“The Mex population thought the rebels had come and they all came across the line in a bunch with their valuables, looking glasses, birdcages, bedding and everything they could carry.
“We couldn’t pretend to inspect the whole bunch so let them all pass on the run as they thought the rebels were on their heels. They are a great bunch.”
In 1915, he met my grandmother, Geraldine Elizabeth Stuart, in the boarding house where they both lived.
My grandmother told me that Pancho Villa used to come through Nogales on a regular basis.
Normally, he shot into the air when he rode through Nogales, so as to scare people but not hurt anyone.
Her story is consistent with what her future husband wrote on the back of that 1912 poster.
My grandmother said she always scooped up her two children and ran into the house.
But, one time, according to my Uncle Don’s written recollection of stories from his mother,
“…Pancho Villa and his men were encamped in Nogales, Sonora, a mile or so away [from my grandmother’s house] and the men were whooping it up with lots of shooting.
“One stray bullet entered the Notley house where it was stopped by the water tank.
“Another bullet clipped off the heel of a lady sitting on the porch next door.”
Villa was a Mexican rebel, alternately lauded for championing the peasants of Mexico and reviled for political ambition.
U.S. General Pershing tried to capture Villa after his raids started bringing Villa into the U.S. to hold up banks and trains on a regular basis in 1915-1916.
Villa, according to my grandmother, lived openly with his family just across the border, but Pershing never caught him.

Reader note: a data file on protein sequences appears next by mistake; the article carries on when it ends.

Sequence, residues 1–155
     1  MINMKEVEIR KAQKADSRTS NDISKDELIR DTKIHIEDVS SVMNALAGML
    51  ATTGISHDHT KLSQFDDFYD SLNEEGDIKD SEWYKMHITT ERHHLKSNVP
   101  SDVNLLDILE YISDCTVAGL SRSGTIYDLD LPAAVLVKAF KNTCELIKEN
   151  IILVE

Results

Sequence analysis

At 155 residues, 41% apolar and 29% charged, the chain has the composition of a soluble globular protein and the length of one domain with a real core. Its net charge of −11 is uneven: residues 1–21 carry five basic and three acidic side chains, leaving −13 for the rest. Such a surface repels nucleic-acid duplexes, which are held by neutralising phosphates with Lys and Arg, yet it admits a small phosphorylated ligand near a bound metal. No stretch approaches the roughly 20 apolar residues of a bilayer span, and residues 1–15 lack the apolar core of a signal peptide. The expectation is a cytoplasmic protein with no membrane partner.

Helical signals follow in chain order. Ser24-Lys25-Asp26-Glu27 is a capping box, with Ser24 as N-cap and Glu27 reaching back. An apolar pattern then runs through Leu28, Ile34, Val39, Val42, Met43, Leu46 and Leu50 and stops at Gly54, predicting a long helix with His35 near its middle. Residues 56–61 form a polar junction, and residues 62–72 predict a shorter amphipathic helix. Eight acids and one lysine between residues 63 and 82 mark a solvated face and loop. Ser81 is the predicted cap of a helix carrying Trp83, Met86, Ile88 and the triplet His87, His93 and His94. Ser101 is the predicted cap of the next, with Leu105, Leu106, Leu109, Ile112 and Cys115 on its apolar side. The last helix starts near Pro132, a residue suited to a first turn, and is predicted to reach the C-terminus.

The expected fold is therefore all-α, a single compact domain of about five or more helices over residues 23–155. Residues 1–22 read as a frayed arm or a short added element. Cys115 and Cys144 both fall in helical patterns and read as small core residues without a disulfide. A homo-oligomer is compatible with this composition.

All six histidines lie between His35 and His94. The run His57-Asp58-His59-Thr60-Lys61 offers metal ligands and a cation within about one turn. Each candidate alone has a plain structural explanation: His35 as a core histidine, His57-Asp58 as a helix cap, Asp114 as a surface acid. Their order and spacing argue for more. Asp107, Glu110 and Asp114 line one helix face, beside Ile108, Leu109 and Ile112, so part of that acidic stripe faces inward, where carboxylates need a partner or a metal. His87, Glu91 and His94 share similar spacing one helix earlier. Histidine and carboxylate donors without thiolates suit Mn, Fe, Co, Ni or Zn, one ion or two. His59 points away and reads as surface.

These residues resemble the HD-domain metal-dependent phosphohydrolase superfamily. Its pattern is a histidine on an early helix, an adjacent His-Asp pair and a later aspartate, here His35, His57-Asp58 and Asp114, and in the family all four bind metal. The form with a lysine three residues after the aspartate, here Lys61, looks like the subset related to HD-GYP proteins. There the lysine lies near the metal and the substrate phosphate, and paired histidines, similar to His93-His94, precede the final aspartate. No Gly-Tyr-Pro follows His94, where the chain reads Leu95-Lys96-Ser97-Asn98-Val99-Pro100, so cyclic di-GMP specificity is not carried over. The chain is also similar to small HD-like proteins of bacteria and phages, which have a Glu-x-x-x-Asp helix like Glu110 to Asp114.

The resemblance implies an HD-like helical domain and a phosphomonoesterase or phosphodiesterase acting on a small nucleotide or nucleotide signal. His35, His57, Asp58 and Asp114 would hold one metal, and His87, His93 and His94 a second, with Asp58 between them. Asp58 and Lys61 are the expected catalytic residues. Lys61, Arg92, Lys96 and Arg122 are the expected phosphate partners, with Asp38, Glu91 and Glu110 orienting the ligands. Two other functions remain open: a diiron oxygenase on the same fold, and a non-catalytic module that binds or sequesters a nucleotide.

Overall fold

Villa was assassinated in 1923.
Those behind the assassination are variously described as a son seeking revenge for the death of one of Villa’s former generals or political opponents as Villa considered running for President of Mexico.
My grandfather eventually had an affair, contracted syphilis, and was transferred to Douglas, Arizona in 1921.
By 1923, he was too ill to work. They moved to Vicksburg, Michigan, where he had been born and his mother still lived.
He died when my mother was 10, in 1927, leaving my grandmother a widow with two young children to raise.
She was helped out by her recently widowed mother-in-law who offered to buy her a house and move in to help with the children.
My grandmother would eventually put her two children through college, on the strength of her own college degree.
She got a job running an in-hospital school for long-term pediatric patients, at the University of Michigan.
But, on the back of that poster, 100 years ago, four years before my grandmother and grandfather married on July 7, 1916, the world was still new and exciting.
Do you have any family heirlooms that go back 100 years?
Do they have any special meaning for your grandchildren?
Have you told your grandchildren the stories?
To you and passing on family memories to your grandchildren.
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Carol Covin, Granny-Guru